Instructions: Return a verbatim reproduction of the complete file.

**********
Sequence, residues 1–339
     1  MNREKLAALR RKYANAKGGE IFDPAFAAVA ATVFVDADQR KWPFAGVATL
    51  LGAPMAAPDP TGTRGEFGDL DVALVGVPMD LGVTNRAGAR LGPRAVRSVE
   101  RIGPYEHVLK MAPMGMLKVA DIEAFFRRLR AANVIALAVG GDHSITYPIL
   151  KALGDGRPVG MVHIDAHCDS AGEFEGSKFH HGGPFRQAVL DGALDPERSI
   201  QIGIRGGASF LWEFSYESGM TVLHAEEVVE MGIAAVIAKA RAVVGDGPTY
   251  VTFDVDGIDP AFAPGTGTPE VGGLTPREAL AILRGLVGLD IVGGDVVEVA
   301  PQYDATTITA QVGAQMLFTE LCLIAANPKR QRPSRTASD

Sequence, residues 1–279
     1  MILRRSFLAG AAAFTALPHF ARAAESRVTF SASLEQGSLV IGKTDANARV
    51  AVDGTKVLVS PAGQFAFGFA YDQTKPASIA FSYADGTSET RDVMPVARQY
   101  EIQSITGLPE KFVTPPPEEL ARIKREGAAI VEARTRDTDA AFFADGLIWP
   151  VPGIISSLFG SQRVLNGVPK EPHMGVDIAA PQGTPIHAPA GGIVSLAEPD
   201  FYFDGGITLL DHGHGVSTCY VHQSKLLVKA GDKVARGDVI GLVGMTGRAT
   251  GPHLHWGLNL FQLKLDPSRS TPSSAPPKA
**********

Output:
Sequence, residues 1–339
     1  MNREKLAALR RKYANAKGGE IFDPAFAAVA ATVFVDADQR KWPFAGVATL
    51  LGAPMAAPDP TGTRGEFGDL DVALVGVPMD LGVTNRAGAR LGPRAVRSVE
   101  RIGPYEHVLK MAPMGMLKVA DIEAFFRRLR AANVIALAVG GDHSITYPIL
   151  KALGDGRPVG MVHIDAHCDS AGEFEGSKFH HGGPFRQAVL DGALDPERSI
   201  QIGIRGGASF LWEFSYESGM TVLHAEEVVE MGIAAVIAKA RAVVGDGPTY
   251  VTFDVDGIDP AFAPGTGTPE VGGLTPREAL AILRGLVGLD IVGGDVVEVA
   301  PQYDATTITA QVGAQMLFTE LCLIAANPKR QRPSRTASD

Sequence, residues 1–279
     1  MILRRSFLAG AAAFTALPHF ARAAESRVTF SASLEQGSLV IGKTDANARV
    51  AVDGTKVLVS PAGQFAFGFA YDQTKPASIA FSYADGTSET RDVMPVARQY
   101  EIQSITGLPE KFVTPPPEEL ARIKREGAAI VEARTRDTDA AFFADGLIWP
   151  VPGIISSLFG SQRVLNGVPK EPHMGVDIAA PQGTPIHAPA GGIVSLAEPD
   201  FYFDGGITLL DHGHGVSTCY VHQSKLLVKA GDKVARGDVI GLVGMTGRAT
   251  GPHLHWGLNL FQLKLDPSRS TPSSAPPKA